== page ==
Understanding Indirect Rates:
Part 1 of 3
By Robert Smith, CEO of ICAT Systems
Indirect Rates can be one of the more confusing concepts for government contractors to grasp. There are nuances with respect to how Indirect Rates are used in Cost Accounting, Pricing, and Billing. When understood comprehensively, government contractors are equipped to better manage contracts and the business as a whole. I'll explain the role of Indirect Rates in each of these areas in this three part series.
Generating Indirect Rates in Cost Accounting
It is best to begin with the basic accounting concept of Indirect Rates. From the accountant’s perspective an Indirect Rate is the ratio of the total costs contained in an Indirect Cost Pool as it relates to its Allocation Base.
The purpose of the Indirect Rate is to equitably allocate the costs in an Indirect Cost Pool amongst all contracts benefitting from that Indirect Cost Pool. Each contract shares fairly in the burden of those costs contained in the Indirect Cost Pool.
A common example is the allocation of overhead costs to contracts using direct labor as the allocation base. Overhead costs are those indirect costs which support a particular business segment. For services oriented contractors with a direct labor function, overhead costs support the performance of contract work. It is common to allocate the pool of overhead costs to contracts using direct labor as the Allocation Base. Consequently, each contract absorbs a portion of the total overhead based on its proportionate share of Direct Labor in relation to total Direct Labor.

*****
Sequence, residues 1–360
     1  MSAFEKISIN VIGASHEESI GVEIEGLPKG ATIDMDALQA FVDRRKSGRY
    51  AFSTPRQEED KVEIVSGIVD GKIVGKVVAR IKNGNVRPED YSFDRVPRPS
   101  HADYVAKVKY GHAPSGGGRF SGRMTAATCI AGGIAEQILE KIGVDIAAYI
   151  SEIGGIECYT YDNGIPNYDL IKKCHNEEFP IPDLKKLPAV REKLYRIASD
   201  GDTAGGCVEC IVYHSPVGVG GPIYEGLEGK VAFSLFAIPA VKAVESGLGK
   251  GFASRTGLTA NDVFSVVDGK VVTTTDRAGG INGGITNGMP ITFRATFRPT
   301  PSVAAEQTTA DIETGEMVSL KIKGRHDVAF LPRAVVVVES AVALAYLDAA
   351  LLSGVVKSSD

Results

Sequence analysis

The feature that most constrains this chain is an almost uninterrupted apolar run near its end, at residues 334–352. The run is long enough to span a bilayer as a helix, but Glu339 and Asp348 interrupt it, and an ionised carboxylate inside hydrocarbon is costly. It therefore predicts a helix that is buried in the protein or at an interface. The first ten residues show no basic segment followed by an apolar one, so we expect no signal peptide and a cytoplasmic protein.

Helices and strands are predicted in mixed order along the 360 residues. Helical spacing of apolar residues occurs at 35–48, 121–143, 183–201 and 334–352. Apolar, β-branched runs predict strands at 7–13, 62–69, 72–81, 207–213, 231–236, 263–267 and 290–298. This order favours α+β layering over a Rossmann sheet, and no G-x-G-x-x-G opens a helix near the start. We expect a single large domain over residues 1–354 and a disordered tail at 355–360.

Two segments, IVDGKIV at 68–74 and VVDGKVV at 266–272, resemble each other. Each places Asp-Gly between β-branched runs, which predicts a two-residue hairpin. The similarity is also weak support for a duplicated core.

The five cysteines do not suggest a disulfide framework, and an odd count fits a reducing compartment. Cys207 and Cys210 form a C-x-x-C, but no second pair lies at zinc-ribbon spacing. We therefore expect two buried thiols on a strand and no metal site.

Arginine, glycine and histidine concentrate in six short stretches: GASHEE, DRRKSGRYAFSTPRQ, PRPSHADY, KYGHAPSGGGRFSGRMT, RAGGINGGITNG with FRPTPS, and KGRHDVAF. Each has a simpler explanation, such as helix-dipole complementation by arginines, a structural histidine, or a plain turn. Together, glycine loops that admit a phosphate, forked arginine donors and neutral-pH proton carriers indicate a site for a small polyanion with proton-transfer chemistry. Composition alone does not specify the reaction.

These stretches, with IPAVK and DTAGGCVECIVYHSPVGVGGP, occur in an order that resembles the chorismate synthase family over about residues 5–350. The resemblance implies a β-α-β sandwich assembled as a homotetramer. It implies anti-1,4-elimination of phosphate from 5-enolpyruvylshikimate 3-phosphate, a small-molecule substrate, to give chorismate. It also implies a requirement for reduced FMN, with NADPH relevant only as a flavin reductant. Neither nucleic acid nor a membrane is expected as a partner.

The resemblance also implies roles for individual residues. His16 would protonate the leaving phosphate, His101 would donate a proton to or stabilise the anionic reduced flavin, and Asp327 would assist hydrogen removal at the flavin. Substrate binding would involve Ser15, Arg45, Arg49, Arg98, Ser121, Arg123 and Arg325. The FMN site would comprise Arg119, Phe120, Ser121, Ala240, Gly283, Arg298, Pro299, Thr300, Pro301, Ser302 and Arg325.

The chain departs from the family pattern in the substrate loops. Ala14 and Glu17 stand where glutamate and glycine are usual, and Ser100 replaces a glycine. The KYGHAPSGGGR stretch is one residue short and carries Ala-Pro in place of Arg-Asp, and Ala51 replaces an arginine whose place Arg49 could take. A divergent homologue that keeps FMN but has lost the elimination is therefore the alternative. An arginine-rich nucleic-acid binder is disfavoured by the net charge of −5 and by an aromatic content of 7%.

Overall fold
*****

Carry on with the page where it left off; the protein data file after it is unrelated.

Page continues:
Expressed mathematically, the total overhead pool is divided by total direct labor to determine the overhead rate. That overhead rate is then applied to direct labor on each contract to determine the share of total overhead absorbed by each contract.
From a cost accounting perspective, Indirect Rates are calculated for the purpose of allocating indirect costs amongst contracts.
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